ICYMI Vivian Hua received the 2021 Mayor’s Film Award for Outstanding Achievement in Film: Last week, we highlighted the executive director of Northwest Film Forum's amazing win. Check out her speech here.
Everyday Music will officially close on May 16: Vanishing Seattle reported that the beloved record store on Capitol Hill will close its doors for good next month. Back in February, Everyday Music announced that they would shut down permanently by June due to "ongoing pandemic struggles and no rent relief." Everyday Music had been in its current location for nine years after hopping around several other locations on the Hill. CHS Blog has previously reported that though the property is slated for redevelopment, its owner doesn't plan on moving forward with it anytime soon. RIP Everyday Music—Seattle has about a month to pay its respects.
Dawn Cerny gets her show at Seattle Art Museum: Last year's Betty Bowen Award winner and 2015 Stranger Genius Award nominee's latest solo show, Les Choses, opened up last weekend at the downtown museum. The exhibition features "sculptures that embody mindscapes," featuring Cerny's delightful riff on domestic objects using materials like wood, wire, and cardboard. The museum will also host a free virtual event on Thursday, April 29 with Cerny if you'd like to tune in.
Seattle Black Film Festival is starting up this weekend: It's film festival season! While SIFF is still going strong, the all virtual Seattle Black Film Festival kicks off on Friday, April 16 and runs through Monday, April 26. The films are curated around four themes: A Diaspora in Displacement; Decolonizing the Narrative in Our #OwnVoices; The Future of Our Identity (youth-focused films); and Black Love, Self Love. The fest has over 70 films and shorts available on demand, with a quarter coming from other countries. All-access passes are $65 and will get you into all screenings plus special streaming events and filmmaker panels over the second weekend. You can buy individual tickets to each film block for $15. Get more info here.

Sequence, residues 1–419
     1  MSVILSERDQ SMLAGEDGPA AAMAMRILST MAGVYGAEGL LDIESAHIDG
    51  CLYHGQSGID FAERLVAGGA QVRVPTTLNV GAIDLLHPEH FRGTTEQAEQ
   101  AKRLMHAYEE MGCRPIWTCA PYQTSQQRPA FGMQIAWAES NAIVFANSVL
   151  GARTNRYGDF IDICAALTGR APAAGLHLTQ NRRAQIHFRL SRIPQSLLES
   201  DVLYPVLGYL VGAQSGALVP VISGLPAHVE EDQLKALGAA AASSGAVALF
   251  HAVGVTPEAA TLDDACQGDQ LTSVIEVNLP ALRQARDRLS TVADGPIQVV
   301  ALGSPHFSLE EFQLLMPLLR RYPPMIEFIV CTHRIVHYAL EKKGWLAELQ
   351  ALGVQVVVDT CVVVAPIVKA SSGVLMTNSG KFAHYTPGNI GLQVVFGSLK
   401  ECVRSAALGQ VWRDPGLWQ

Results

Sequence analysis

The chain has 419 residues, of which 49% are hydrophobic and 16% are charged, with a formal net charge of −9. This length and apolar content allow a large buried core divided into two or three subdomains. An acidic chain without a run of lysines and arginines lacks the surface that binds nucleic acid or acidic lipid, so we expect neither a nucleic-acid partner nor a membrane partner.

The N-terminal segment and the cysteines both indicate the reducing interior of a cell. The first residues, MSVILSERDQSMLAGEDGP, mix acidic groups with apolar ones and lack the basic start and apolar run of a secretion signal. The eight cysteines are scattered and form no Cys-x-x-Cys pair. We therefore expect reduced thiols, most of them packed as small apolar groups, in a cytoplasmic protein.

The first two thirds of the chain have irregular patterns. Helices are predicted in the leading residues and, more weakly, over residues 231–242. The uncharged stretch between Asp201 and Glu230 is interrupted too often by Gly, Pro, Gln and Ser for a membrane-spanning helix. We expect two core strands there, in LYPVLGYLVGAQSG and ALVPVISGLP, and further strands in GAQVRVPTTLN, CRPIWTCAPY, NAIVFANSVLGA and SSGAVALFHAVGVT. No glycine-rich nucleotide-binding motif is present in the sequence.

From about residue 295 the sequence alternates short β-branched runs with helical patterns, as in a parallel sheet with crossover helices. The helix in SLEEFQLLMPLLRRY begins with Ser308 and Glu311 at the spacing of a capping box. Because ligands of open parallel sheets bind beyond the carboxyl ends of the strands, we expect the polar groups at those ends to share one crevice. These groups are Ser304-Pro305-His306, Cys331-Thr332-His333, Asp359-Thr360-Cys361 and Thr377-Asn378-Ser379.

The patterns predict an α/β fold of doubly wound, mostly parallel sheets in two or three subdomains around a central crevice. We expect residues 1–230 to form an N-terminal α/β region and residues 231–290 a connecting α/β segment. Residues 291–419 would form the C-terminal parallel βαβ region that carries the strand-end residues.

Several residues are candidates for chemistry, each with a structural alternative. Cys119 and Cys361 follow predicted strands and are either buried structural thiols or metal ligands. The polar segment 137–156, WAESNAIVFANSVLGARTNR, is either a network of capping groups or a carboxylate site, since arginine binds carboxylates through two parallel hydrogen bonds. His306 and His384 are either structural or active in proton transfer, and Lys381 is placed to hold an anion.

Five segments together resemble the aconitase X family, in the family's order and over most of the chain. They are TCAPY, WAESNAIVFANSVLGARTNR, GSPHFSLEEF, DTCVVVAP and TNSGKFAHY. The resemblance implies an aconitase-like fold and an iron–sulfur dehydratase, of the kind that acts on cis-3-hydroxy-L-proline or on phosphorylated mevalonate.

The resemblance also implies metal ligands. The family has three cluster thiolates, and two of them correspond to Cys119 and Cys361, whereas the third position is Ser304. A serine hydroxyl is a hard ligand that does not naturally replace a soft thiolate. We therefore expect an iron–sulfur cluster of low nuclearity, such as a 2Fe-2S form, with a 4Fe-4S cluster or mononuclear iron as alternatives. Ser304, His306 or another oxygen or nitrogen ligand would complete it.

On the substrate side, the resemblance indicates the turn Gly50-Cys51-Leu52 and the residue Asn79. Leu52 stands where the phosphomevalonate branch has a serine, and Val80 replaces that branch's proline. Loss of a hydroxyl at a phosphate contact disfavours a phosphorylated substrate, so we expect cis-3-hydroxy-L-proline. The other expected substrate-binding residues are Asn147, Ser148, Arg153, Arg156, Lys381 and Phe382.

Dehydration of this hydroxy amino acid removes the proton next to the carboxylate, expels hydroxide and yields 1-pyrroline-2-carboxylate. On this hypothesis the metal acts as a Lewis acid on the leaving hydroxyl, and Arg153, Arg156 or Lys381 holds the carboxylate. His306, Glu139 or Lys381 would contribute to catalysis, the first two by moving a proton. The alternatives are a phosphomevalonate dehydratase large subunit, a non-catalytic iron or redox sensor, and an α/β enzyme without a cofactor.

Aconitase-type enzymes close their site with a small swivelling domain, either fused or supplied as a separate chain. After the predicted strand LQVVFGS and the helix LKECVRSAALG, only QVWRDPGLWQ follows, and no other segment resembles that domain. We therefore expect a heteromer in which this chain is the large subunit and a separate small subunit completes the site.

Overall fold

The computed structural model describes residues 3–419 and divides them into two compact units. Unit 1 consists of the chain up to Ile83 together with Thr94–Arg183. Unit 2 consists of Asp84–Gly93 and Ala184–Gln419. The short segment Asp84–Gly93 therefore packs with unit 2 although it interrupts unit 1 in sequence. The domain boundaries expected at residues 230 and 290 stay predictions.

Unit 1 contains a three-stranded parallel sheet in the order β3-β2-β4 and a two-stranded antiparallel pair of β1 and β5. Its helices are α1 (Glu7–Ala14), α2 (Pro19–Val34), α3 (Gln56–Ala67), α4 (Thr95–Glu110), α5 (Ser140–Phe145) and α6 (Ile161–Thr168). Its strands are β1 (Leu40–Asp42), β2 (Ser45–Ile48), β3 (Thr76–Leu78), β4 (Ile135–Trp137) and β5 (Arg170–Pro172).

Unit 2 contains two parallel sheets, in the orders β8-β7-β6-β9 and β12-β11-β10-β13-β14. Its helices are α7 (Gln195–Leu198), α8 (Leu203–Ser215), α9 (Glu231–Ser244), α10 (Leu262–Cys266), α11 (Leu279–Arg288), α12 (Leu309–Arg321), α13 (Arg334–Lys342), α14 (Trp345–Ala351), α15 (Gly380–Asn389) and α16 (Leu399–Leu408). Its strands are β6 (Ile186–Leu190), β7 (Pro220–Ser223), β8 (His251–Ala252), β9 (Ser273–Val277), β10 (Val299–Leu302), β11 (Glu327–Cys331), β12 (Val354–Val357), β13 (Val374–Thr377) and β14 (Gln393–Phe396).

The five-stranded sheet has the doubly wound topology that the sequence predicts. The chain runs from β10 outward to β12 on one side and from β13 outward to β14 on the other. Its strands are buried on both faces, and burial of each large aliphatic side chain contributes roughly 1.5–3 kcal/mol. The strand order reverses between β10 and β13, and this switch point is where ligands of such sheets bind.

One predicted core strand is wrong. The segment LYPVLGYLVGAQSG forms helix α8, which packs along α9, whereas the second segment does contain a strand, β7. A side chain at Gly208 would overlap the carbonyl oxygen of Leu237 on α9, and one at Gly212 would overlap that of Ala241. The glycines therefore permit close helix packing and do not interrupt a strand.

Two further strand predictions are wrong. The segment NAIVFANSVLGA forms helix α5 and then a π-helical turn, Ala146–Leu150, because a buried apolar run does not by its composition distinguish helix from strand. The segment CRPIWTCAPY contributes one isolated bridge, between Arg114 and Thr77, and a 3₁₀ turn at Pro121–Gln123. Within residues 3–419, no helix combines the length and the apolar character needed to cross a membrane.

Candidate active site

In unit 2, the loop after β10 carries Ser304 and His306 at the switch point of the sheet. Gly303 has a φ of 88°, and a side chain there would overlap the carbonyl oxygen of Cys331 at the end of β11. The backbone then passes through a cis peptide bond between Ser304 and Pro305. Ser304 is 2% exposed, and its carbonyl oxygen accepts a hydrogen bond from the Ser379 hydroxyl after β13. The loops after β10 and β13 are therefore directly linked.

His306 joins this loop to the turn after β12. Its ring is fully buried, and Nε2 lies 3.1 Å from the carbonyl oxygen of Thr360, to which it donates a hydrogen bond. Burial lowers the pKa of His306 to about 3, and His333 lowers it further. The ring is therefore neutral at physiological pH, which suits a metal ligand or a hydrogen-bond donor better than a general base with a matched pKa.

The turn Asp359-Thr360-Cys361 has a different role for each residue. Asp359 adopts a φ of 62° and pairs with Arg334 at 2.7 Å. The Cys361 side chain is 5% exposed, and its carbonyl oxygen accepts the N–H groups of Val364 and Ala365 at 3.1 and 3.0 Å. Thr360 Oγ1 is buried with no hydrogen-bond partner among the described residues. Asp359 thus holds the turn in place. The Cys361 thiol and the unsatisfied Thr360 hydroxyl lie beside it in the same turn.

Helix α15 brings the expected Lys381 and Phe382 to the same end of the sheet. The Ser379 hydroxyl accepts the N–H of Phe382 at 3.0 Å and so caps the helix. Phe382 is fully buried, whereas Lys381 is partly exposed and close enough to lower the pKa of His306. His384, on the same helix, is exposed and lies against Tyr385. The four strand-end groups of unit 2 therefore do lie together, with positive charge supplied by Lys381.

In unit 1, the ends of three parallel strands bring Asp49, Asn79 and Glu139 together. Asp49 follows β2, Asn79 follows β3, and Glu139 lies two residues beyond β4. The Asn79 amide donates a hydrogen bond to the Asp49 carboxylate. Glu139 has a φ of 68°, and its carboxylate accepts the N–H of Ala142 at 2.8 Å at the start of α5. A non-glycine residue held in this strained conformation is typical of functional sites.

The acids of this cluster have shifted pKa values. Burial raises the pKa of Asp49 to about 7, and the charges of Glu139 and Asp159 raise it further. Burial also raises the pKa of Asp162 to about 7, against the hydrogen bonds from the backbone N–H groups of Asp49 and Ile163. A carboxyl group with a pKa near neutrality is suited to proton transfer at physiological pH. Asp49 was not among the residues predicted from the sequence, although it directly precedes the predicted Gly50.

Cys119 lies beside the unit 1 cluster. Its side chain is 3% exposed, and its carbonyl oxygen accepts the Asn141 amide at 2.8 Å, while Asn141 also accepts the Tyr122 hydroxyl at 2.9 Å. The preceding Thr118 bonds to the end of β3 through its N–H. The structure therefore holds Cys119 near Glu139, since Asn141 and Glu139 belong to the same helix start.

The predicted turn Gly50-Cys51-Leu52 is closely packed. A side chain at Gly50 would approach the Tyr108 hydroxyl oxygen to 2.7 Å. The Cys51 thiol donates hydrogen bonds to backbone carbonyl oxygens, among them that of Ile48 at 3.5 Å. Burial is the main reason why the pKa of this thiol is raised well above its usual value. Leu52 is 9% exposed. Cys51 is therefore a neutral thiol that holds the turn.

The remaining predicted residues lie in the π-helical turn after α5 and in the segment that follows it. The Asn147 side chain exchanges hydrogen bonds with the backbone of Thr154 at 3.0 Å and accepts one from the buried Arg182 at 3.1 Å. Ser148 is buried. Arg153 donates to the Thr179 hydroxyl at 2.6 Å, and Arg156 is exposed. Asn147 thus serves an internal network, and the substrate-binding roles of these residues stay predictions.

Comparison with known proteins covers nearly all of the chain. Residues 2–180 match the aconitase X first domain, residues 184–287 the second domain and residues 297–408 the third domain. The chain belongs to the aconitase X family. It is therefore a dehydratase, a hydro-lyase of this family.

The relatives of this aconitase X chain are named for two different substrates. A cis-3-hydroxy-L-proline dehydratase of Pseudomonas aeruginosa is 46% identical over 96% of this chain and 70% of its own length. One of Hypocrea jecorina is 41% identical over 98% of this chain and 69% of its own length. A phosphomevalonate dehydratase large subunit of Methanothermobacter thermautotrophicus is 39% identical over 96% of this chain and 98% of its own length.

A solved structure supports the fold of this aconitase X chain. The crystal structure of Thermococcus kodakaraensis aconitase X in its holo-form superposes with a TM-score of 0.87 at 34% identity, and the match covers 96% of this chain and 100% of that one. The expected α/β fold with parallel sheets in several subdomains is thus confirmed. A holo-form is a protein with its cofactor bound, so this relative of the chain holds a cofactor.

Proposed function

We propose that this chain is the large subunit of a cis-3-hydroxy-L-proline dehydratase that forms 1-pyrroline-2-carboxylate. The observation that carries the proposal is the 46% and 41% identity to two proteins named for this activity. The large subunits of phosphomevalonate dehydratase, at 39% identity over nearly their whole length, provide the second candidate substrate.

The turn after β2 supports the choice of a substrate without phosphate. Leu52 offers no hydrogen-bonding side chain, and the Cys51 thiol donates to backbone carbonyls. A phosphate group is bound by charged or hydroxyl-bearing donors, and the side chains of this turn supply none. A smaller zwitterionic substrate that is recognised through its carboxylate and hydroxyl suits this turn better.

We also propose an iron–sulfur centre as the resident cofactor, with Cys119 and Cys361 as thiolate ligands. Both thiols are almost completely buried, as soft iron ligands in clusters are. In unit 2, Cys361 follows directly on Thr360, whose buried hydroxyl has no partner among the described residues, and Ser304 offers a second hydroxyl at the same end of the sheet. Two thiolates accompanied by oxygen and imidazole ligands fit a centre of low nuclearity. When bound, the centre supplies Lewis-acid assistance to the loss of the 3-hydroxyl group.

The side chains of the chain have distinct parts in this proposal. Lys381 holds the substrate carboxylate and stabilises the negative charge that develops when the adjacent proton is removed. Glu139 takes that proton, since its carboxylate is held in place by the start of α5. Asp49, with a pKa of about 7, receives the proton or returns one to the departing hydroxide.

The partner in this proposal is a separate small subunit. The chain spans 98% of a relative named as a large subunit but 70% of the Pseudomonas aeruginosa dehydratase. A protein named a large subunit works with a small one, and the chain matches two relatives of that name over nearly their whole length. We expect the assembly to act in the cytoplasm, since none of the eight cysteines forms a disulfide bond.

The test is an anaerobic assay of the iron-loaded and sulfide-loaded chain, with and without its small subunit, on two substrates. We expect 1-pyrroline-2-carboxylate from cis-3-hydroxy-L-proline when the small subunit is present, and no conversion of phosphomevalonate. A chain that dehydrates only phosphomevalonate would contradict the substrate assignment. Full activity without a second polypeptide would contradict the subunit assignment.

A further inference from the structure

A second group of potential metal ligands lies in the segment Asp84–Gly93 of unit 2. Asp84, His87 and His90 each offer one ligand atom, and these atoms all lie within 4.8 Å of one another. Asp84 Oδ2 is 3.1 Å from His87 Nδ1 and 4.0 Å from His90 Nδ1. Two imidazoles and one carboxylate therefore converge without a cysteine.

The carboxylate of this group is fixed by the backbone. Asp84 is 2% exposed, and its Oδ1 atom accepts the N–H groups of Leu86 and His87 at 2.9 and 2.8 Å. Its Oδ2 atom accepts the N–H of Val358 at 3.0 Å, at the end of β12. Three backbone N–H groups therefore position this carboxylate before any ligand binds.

Also, Shrek is coming back to theaters later this month: Yes, the gods above have answered your prayers. The iconic Dreamworks animation featuring the beloved swamp-dwelling ogre will grace silver screens across America once again in honor of the film's 20th (!!!!) anniversary. While only one theater will play Shrek within city limits (cheers, Regal Thornton Place), you can also drive out to Kirkland's Cinemark Village and Bellevue's Lincoln Square Cinemas if you're feeling the need to see Shrek and DUNKEYYYY kick some Farquad booty. Can I catch a ride with you?
CLOSING ALERT: It's the last week you can see Photographic Center Northwest's To Survive on This Shore: Photographs and Interviews with Transgender and Gender Nonconforming Older Adults. The show is a collaboration between photographer Jess T. Dugan and Vanessa Fabbre, a social worker and assistant professor at Washington University in St. Louis. The two traveled the U.S. for five years, documenting the stories of elder trans and nonbinary adults who exist at different intersections of identity. Here's a virtual look at the show if you can't make it:
The Met Gala is back: After canceling last year's ball for the Costume Institute at the Metropolitan Museum of Art, the celebrated night of decadence will go down on September 13 this year. The theme of the two-part exhibition that accompanies the gala? American fashion! The first part of the exhibition—called In America: A Lexicon of Fashion—will run from Sept 18 to September 5, 2022. Part two of the exhibition—called In America: An Anthology of Fashion—debuts on May 5, 2022. and also runs until September 5, 2022. Get ready to see a lot of stars and stripes!
If you're into immersive experiences: Imagine Van Gogh—the Original Immersive Exhibition sets up shop this winter in Tacoma, and tickets are on sale now. Yes, it's a different show than Van Gogh: The Immersive Experience, which is coming to Seattle, and the Immersive Van Gogh, which isn't coming to the Puget Sound area at all. Still confused? I break down the differences between them all here.
There's a new presidential portrait in town: Late last week, the White House debuted photographer Adam Schultz's portrait of the 46th president, Joseph Robinette Biden. Our 49th vice president also got her photo snapped. Both images will be displayed in federal buildings across the country. Somehow Biden manages to look like a caricature of Biden with his squinty grin, long teeth, and blue tie. Otherwise, the image is pretty boring. But I bring this up only because former president Donald Trump's first official portrait looked smarmy as hell and was released nine months after he took office. I'm interested in how Biden's visual politics will differ from Trump's, and, so far, it's an emphatic "return to normal."